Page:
When I was in sixth grade, I would read autobiographies by George Burns. A sixth grader is typically ten or eleven years old. So, as an eleven year old, I would check out books from the public library by a man who was over ninety or exactly one hundred or dead. I can’t remember. I was the nerdy girl in overalls and a t-shirt and Converses who would try to explain to other sixth graders the magic of vaudeville and Jack Benny’s friendship and how Gracie Allen wore a wig and long sleeves. I was a strange cookie back then.
Ten days passed in the jungle. Unlike his time in the desert, he could not locate the sun easily without climbing a monkey-infested tree. He could not test the water in the still, murky puddles but thirst plagued him, forcing him to drink. This practice resulted in a parasite feeding inside of his lower intestine. Sweat clung to him desperately but he remained clothed, fearing malaria. He circled endlessly, praying to find another human being, a bird or horse for transportation, or a river, which would hopefully lead to a village of people who would not kill him on site.
When the sweat pours into your eyes and little black dots dart across your vision, you still strain yourself against all emotional and physical restraints. The blood thrums in your veins and smiles, excited with your movement. You boast your physical prowess on the field, in the water, in the ring. Your endorphins jump and flip as you exert yourself. The power of the body moves your emotive state as you try, as you practice, as you excel. Loosen your muscles and jump into the air so you can fall as hard as you can, your sweat in the dust.
The lilac scent in the plaza attempted to drown the odors of sewage coming from the drains. Yet, children still squirmed and proper old ladies squished their noses against their faces. It was obvious the BRAND SPANKING NEW mall was built on top of an underground sewage plant and no amount of advertising or foliage could hide it. The rats were especially discouraging. They’d dive into the fountain like unsynchronized swimmers, plopping in to fetch pieces of ice cream cones and faded pennies. The teenage girls with their huge sunglasses avoided the plaza and parked valet and shopped in Nordstrom’s.
INT. JIMMY’S HOUSE – NIGHT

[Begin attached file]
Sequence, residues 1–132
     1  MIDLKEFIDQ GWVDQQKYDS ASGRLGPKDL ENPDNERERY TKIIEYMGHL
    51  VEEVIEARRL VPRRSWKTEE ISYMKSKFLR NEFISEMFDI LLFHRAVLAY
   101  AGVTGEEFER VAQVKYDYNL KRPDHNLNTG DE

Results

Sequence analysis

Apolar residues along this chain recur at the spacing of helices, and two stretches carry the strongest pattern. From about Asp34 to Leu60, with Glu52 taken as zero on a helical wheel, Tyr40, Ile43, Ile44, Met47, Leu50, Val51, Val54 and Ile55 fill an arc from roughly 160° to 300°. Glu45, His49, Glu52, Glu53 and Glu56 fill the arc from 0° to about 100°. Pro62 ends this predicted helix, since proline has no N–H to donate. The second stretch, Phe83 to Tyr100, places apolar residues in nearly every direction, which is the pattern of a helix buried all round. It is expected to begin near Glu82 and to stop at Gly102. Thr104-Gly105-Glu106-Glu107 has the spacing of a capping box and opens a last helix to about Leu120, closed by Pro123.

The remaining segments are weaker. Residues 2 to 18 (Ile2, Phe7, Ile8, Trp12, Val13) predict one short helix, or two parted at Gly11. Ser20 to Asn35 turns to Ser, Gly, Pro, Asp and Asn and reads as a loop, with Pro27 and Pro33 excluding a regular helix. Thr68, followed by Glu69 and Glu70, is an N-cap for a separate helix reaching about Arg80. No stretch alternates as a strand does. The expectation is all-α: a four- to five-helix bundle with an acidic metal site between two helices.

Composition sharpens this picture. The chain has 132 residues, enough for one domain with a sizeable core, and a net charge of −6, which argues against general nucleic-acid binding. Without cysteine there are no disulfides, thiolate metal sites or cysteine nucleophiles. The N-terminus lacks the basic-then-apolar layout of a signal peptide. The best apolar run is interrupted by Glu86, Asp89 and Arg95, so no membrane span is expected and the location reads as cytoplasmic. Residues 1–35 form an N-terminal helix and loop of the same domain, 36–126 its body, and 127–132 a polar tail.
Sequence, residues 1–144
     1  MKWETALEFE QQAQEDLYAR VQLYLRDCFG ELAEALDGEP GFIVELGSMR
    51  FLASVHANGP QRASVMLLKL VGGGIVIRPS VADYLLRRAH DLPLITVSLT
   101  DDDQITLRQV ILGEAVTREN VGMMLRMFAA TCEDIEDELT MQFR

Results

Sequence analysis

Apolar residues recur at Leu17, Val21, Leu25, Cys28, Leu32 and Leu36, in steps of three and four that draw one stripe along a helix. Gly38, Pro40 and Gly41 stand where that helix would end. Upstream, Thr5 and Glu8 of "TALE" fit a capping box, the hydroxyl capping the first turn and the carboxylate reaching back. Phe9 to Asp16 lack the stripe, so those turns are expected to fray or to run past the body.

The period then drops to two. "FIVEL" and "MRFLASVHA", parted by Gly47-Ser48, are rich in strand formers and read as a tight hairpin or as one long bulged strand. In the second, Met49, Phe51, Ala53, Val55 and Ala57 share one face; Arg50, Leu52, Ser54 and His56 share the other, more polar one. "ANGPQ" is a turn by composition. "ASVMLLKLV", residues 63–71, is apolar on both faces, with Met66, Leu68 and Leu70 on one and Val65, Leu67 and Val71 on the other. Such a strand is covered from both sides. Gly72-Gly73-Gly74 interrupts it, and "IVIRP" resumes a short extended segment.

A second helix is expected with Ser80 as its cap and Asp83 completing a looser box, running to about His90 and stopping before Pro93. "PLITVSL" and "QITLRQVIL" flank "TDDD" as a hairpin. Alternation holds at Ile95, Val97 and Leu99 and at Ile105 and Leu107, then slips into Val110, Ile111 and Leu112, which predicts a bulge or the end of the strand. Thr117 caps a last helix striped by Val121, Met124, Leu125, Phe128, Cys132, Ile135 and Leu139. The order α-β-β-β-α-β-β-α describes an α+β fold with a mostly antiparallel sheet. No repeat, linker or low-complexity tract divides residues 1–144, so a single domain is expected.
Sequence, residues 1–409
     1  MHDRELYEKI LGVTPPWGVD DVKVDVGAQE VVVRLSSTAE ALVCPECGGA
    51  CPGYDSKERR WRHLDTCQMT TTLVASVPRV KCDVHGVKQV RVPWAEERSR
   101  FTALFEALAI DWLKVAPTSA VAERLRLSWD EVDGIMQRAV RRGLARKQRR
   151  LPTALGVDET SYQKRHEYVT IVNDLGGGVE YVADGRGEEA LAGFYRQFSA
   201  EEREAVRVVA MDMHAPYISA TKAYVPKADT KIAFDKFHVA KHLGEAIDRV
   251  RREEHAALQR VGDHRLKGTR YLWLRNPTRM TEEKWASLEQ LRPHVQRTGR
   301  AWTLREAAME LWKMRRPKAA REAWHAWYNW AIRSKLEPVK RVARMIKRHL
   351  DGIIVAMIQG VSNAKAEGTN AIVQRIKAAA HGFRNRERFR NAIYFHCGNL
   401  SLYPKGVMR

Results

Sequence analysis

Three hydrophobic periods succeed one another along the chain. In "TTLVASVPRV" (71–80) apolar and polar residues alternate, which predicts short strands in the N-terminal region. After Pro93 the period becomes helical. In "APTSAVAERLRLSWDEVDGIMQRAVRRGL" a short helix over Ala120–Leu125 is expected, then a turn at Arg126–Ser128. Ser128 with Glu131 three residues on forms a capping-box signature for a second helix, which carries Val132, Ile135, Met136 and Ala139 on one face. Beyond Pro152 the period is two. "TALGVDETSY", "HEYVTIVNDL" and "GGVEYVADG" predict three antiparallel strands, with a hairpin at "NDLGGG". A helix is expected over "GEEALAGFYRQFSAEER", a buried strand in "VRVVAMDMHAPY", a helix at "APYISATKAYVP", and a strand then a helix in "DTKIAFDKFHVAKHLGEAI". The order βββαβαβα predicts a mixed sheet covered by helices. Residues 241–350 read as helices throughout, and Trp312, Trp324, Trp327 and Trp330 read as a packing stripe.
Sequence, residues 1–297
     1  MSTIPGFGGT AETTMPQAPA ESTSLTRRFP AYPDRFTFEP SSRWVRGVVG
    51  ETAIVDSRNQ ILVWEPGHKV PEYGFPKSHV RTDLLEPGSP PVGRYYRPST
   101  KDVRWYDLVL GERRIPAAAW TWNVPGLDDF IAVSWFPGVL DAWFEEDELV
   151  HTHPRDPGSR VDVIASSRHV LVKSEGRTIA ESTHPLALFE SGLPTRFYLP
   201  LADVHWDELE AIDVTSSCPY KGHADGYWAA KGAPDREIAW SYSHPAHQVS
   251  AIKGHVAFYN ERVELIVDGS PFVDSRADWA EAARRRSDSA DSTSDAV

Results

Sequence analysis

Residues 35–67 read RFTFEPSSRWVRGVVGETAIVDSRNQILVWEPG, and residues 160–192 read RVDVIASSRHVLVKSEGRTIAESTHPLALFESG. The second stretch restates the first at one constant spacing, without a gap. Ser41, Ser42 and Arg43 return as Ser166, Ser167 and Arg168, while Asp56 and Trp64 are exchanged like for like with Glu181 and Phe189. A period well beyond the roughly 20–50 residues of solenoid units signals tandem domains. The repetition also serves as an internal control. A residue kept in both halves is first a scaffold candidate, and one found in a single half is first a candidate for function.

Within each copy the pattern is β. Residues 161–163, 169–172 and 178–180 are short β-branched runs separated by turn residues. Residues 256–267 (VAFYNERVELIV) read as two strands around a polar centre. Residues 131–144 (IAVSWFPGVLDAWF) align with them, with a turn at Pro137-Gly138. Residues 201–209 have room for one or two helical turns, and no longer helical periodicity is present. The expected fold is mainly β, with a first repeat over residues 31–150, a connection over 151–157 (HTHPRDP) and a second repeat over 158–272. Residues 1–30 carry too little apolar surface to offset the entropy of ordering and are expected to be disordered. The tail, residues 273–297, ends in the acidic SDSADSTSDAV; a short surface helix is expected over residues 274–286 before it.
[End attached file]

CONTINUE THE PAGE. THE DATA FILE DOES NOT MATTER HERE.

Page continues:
Jessi sits at Jimmy’s kitchen table. The lights are low. His house is quiet, for once. He leans against the counter, studying her.
JESSI – How long?
JIMMY – Since I first saw you.
JESSI – Oh, well then.
JIMMY – It’s not like that.
JESSI – Well, you first saw me and automatically knew, huh? Just like that?
JIMMY – Why are you angry?
JESSI – Because… because… you’re supposed to be my friend.
JIMMY – I am.
JESSI – Why didn’t you say something?!
JIMMY – What do you think I’m doing? Do you think this is easy? Instead of rejecting me, you’re mad.
No one understands how I miss the heat, the humidity. It feels like summer in the South. There are seasons in North Carolina. Here, I feel like I’m in a constant rush for something with no end dates in mind. School and seasons provide end dates. Los Angeles is a perpetual state, a machine that traps me and makes me forget that time and life are rushing by me. I miss those markers, those deadlines. I miss the idea of knowing where I’m going. I’m without a net with a support system thousands of miles away.
A date in June.
Mathematical Consideration of Affection with Conditional Statements
If I love to listen to anything you tell me
If you are the first person I want to call when I’m lonely or bored or successful
If I want to hug you in a sweet moment
If our thoughts coincide
If our words match as they leave our lips
If we fit together and balance each other’s ups and downs
If the stupid, the inane, the insignificant suddenly matter more than the huge, the daunting, the terrifying
If I enjoy your company, even when you’re being a pain in the ass
The veranda of our beach house was chilly in the mornings, even though we felt hot all through the night. I often curled up on the porch swing with my current reading material until he woke up and padded out onto the sandy, wooden floor of the veranda. We’d eat fruit and bacon and waffles for breakfast in our pjs and lounge around making fun of